It was a great decision. It was relatively warm and sunny when we hit Aberdeen, the Ohio River Terminus of Zane’s Trace, the first continuous road through Ohio, 1798. Did you ever read Zane Grey’s Betty Zane when you were a child?
At least this portion of the valley was pretty with far more trees along the shore than we expected. Now and then the road moved inland just a bit to allow farms on the bottomlands fertilized by river floods. Barges made their way both ways on the river. Those heading south were often loaded with coal, probably for various electrical power plants along the way.
Some towns/villages were better maintained than others. Ripley, Ohio was very lovely. After General Smith defeated the Union forces at Richmond, Kentucky, the Ohio governor called for volunteers to defend Cincinnati; over 15,000 farm boys responded including 1300 from Brown County, county seat Ripley. A confederate scout reported: “They call them Squirrel Hunters; farm boys that never had to shoot at the same squirrel twice.” They defended but did not have to fight.
Ripley citizens paid $1000 for a three inch rifled cannon to protect their town from Confederate raiders who swore to burn the “damned abolitionist hellhole to the ground with no quarter.” After the battle of Augusta, Kentucky, Confederate forces under General Basil Duke camped across the river at Brooksville. Ripley’s home guard crossed the river in the rain under the cover of night and made a surprise attack starting with the roar of the canon. They routed the surprised Confederate troops. The cannon is still next to the library. It was next fired to honor Generals Grant and Sherman when they visited in 1912 and at the Ripley sesqui-centennial in 1962.
Hiriam Ulysses Grant was born in a small timber-frame cabin in the frontier town of Point Pleasant, Ohio in 1822. The Congressman appointing him to West Point mistakenly gave the initial of his mother’s maiden name as Grant’s middle initial, and U.S. Grant kept that name for the rest of his life.
The further south we went, the more likely we were to see vacation homes and more often RV parks serving as vacation homes.
We by-passed Cincinnati but rejoined the river road at Aurora, Indiana.
Just beyond Belterra, a huge resort and casino, we came to Vevay in Switzerland County, which was much more interesting. I once read that German immigrants had successful vineyards along the river that supplied the root stock to France when the French vines were hit by blight. However, both the restored French vines and California eventually took over the wine market. There are vineyards in Switzerland County again/still. The street closest to the water has many old interesting buildings and houses, some more grand than others.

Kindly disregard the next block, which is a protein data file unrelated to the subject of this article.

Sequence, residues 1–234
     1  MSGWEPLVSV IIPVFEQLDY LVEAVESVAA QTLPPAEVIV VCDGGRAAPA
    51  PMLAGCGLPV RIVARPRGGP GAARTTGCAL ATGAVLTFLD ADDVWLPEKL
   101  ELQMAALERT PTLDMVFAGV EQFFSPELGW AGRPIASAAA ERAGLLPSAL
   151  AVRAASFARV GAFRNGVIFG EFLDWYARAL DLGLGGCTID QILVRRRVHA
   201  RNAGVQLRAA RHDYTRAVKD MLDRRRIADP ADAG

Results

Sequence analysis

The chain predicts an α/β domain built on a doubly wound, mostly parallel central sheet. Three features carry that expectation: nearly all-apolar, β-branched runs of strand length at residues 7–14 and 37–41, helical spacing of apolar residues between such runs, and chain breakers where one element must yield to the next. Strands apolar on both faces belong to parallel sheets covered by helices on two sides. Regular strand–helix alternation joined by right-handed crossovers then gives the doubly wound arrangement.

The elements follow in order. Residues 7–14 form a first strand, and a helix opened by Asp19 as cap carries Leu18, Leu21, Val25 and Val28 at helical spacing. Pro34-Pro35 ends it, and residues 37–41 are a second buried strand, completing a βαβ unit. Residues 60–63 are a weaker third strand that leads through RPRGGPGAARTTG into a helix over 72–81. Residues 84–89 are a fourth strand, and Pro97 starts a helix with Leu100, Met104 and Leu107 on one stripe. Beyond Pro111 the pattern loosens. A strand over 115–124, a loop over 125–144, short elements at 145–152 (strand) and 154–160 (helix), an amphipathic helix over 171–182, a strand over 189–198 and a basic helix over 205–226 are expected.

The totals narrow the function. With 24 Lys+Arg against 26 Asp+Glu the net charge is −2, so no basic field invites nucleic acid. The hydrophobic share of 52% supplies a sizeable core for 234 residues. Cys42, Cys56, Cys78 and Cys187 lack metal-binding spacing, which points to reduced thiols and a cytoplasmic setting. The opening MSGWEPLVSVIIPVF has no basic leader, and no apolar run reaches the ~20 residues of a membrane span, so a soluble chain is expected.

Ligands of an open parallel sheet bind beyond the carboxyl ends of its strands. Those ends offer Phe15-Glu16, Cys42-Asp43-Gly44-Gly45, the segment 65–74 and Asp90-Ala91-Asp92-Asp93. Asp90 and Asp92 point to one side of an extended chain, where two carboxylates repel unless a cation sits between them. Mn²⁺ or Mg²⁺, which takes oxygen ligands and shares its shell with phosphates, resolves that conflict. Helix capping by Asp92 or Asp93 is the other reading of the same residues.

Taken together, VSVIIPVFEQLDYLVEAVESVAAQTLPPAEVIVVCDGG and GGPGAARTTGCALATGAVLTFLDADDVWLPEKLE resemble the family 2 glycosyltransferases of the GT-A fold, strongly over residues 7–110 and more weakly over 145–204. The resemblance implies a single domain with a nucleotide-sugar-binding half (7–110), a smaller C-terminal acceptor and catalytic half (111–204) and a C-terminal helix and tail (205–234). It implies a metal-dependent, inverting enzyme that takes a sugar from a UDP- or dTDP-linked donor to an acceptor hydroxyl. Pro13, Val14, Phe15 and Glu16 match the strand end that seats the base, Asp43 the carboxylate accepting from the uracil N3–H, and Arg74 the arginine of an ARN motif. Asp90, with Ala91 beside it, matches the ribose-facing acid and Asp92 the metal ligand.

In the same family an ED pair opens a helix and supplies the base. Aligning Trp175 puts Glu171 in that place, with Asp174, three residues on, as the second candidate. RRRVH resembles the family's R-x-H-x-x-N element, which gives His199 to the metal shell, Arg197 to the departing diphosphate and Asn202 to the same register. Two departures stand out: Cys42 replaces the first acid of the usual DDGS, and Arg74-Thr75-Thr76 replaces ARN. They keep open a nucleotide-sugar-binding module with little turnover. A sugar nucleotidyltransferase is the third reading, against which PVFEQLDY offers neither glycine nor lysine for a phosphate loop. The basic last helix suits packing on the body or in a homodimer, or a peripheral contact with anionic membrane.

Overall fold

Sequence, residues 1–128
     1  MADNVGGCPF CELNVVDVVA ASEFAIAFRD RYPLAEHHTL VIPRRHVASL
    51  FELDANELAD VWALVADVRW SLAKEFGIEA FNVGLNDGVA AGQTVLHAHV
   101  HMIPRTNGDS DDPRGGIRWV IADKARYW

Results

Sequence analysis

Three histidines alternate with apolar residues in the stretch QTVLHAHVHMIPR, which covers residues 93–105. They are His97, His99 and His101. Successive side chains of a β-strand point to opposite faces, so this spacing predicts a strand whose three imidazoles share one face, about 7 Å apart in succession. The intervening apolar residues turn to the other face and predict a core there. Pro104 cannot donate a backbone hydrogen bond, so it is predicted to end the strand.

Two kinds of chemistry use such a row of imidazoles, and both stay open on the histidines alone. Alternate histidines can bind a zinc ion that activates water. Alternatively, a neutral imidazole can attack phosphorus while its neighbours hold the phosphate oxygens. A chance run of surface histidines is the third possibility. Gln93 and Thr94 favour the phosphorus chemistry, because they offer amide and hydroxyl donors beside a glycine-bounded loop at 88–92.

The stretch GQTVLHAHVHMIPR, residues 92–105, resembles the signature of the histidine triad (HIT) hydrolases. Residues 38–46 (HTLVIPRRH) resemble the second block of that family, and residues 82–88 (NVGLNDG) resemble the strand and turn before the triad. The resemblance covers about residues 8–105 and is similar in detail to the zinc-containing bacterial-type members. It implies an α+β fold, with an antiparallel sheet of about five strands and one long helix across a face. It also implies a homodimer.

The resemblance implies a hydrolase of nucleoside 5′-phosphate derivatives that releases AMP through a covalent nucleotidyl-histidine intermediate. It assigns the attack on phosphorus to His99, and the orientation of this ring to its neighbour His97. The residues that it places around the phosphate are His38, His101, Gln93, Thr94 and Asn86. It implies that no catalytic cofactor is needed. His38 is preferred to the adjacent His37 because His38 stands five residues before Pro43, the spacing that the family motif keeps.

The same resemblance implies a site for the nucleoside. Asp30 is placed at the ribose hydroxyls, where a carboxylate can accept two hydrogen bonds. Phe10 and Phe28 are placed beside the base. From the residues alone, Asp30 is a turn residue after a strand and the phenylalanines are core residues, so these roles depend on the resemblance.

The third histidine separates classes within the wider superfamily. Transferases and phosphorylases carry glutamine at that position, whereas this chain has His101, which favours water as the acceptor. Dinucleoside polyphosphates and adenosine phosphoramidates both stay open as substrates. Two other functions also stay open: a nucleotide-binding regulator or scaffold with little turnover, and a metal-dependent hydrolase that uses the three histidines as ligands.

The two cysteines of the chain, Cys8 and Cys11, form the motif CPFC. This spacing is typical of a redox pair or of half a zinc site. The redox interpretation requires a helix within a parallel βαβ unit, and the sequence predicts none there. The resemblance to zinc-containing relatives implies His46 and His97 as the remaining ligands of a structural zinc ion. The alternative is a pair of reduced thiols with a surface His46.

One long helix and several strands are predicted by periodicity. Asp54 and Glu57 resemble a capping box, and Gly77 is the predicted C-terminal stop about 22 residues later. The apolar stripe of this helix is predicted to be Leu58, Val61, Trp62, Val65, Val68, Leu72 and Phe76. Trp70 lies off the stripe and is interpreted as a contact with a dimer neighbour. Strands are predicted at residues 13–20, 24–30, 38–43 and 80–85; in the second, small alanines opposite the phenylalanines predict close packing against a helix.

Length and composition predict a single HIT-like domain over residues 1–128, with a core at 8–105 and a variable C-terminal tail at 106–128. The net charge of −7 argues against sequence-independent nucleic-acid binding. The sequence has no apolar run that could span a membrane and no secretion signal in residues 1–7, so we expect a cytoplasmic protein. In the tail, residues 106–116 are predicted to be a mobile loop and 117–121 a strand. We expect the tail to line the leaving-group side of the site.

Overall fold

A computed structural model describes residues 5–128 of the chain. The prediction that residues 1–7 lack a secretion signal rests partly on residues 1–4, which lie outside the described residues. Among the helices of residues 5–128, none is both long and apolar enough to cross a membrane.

Madison, another river town we had never heard of, had its 133 block downtown area designated as a National Historic Landmark in 2006. It is the largest contiguous National Historical Landmark in the United States. One again, we enjoyed looking at great old houses and mansions.
The road veered from the river and was not particularly scenic, so we went inland for a while to Salem before catching scenic Indiana 66 back to the river. We were surprised to see several large lumber mills around Salem. Who know Indiana had a logging industry?
In 1828, 19-year old Abraham Lincoln got on a flatboat at Rockport and went to New Orleans where he saw a slave auction. He is quoted as having said “If I ever get a chance to hit that thing, I’ll hit it hard.”
Rockport has a short stretch of high bluff that gave cover to the first settler in 1806. Later residents moved to the top of the bluff to escape the annual floods. It was not a well-preserved town, but a hotel clerk tipped us to what was a surprisingly good Mexican restaurant, Los Panchos.
Heading toward Illinois, we passed through huge flat farmland with oil wells pumping, another thing I would not have expected to see in Indiana.
In the movie How The West Was Won Jimmy Stewart, a fur trapper, is lured by a pretty girl to the back of a cave, a literal nest of thieves, to “see the varmit.” She stabs him in the back. The story was based on a real Ohio River cave known as Cave In Rock in Illinois. Samuel Mason and the Harpe Brothers and others in the late 18th century and early 19th century preyed on unsuspecting settlers floating downriver and may have used the cave. State officials say there is no historical evidence the cave was used for robbery and murder, but locals believe it was, we enjoyed the movie (often rerun on TCM), and we wanted to see it for ourselves.
The juncture of the Ohio and Mississippi Rivers, at the area known today as Cairo (locals pronounce it kay-row), was first seen by Europeans Marquette and Joliet in 1673. A logical spot for trade and defense — except it was frequently under water — Cairo was the site of many ambitious unfulfilled plans. Unfortunately, modern Cairo has seen better times; those better times were last during the Civil War when it built gunboats for Grant and was a military staging and logistical base for the Union Army.
I can’t say that we would recommend a visit to Cairo — unless like us you just want to see the confluence of the rivers. It is easy to miss. The river has silted far beyond its Civil War shores. But if you go to where the road splits one way to a bridge to Kentucky and the other to a bridge to Missouri, there is a little overgrown city park with a great view, a fitting conclusion to our trip down the Ohio.